This fast-moving situation invites reconsideration of recommendations that have been made during the past few months about the policy of outsiders, especially the United States, toward the conflict in Syria. Unsurprisingly, most will perceive in the latest events support for the courses they earlier recommended. The most vocal expounders on the subject have agitated for doing something more in Syria than the United States has done to date, although ideas vary about what that something should be. This school of thought sees the latest developments in the conflict as all the more reason for the United States to get more involved in the action, with an additional push against Assad being even more likely than before to see quick results. The very fact that the anti-Assad resistance has gotten where it is today, however, can be read at least as plausibly as confirmation that it was wise for the United States not to have gotten involved any more deeply than it has. This latter perspective gains further credence when remembering the added longer-term burdens of such involvement; the Pottery Barn rule applies to those who actively participate in smashing apart an old regime—as Nikolas Gvosdev reminds us is the case with Libya. The use of a humanitarian rationale to cover a NATO regime-change operation in Libya also has entailed a cost relevant to the Syrian situation, in the form of vetoes in the United Nations Security Council by Russian and Chinese governments that believe they were snookered by the West on Libya and do not want to be snookered again.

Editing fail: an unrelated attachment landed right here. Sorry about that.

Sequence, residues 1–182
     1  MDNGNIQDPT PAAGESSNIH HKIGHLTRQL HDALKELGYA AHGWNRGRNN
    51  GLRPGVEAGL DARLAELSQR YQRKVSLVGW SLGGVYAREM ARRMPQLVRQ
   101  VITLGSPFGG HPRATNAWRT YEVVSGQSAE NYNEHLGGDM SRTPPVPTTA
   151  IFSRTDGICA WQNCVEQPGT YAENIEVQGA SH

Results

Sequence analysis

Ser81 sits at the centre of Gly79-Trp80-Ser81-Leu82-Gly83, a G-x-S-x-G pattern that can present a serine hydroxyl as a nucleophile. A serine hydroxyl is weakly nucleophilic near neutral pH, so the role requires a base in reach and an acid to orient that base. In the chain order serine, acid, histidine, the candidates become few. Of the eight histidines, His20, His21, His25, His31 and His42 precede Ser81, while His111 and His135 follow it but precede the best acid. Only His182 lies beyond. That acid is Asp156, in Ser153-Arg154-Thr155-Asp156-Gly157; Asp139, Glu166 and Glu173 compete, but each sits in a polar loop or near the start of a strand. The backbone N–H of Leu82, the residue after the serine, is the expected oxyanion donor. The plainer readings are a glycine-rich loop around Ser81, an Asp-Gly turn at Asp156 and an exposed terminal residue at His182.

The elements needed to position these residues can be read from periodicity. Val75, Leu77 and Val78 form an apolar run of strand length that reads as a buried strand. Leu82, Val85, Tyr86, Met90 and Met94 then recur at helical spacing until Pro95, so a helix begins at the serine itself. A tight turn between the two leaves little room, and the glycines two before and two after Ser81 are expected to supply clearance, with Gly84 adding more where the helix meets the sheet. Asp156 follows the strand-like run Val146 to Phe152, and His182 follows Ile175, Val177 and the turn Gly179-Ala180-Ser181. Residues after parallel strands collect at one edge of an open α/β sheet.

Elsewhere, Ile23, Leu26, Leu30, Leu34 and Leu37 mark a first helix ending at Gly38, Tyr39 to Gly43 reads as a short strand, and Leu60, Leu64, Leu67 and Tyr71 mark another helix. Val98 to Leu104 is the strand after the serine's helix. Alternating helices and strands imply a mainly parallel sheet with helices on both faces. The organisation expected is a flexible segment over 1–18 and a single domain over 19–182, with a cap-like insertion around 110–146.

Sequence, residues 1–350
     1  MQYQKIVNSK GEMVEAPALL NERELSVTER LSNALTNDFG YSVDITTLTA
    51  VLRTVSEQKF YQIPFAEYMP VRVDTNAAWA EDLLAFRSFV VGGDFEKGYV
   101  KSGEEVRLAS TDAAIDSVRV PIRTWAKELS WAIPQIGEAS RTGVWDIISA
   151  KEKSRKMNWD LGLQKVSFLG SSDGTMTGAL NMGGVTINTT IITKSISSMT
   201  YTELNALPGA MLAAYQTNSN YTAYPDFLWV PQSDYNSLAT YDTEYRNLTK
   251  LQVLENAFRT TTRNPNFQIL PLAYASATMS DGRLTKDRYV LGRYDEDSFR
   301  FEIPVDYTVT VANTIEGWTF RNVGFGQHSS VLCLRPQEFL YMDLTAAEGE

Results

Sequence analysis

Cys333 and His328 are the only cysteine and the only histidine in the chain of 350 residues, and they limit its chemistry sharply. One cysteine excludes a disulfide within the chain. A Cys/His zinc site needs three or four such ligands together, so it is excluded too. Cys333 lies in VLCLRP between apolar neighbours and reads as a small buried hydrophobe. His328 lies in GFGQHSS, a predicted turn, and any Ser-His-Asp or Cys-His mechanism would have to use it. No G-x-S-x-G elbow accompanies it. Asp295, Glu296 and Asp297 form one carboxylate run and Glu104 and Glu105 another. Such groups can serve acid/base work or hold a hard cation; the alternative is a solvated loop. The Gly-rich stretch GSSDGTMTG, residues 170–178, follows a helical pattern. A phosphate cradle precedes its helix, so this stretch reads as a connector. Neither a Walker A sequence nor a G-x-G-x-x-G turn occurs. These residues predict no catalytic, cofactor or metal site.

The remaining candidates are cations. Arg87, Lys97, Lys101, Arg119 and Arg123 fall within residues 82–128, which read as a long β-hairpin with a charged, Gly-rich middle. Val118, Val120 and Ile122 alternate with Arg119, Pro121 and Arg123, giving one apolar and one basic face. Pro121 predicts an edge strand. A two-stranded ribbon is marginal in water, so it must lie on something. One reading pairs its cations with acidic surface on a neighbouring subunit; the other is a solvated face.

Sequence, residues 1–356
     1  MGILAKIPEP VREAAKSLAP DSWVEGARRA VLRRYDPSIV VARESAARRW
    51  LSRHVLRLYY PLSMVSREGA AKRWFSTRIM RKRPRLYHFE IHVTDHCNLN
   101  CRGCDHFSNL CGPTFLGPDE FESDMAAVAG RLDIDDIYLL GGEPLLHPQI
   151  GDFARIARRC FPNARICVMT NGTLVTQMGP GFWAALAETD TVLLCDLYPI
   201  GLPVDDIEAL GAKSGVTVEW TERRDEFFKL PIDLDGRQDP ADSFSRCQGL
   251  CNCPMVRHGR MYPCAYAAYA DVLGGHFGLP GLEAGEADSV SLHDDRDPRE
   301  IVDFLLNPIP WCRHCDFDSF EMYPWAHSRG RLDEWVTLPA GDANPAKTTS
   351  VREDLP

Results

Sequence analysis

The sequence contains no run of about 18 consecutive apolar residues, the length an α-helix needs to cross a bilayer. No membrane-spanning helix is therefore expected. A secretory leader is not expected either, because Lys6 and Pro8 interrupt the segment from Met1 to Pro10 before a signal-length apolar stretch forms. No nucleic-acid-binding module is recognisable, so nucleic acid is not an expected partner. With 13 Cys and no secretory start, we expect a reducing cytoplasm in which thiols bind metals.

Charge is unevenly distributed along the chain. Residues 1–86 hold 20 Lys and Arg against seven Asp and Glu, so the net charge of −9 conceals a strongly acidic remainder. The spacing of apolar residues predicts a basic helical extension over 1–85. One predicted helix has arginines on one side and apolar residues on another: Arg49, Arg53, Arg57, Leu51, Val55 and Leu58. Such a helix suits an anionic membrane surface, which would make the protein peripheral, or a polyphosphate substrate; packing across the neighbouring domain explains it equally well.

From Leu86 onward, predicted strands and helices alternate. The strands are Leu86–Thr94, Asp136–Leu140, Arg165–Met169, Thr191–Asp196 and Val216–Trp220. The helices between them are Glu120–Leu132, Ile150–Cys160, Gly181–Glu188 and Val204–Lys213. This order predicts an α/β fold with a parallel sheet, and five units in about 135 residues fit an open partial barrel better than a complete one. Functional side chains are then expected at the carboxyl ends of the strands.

Speaking of humanitarian intervention, Robert Pape offers in the newest International Security an interesting framework for thinking about the subject. Pape proposes a “pragmatic standard” for humanitarian intervention, as an alternative to what he regards as the overly stringent standard of demonstrated genocide and the overly broad one of “responsibility to protect.” Pape says foreign armed intervention is warranted when it is needed to stop “mass homicide,” when there is a low-cost intervention plan available and when there are promising conditions for being able to establish lasting security. It is a sensible set of criteria. Applying them to Syria, Pape says his standard is not met, mostly because as a matter of geography, demography, and the related balance of strength between regime and opposition, there is insufficient basis for outsiders to intervene effectively at low cost.

The most recent developments in Syria occurred after Pape wrote his article, in which he left open the possibility of Syria meeting his standard “if a large region broke away from the regime en masse.” Perhaps the conflict in Syria is close to getting to that point. It should be noted that Pape is talking about armed intervention and not necessarily about other measures outsiders might take short of sending in troops. We should also note that in Syria, as in Libya if not more so, the issue of outside intervention really has no more to do with humanitarianism than with regime change that a lot of people want to see for reasons beyond the immediate saving of lives. Pape's glossing over this fact as it relates to Libya, where he considers foreign intervention to have been justified, is a weakness in his analysis.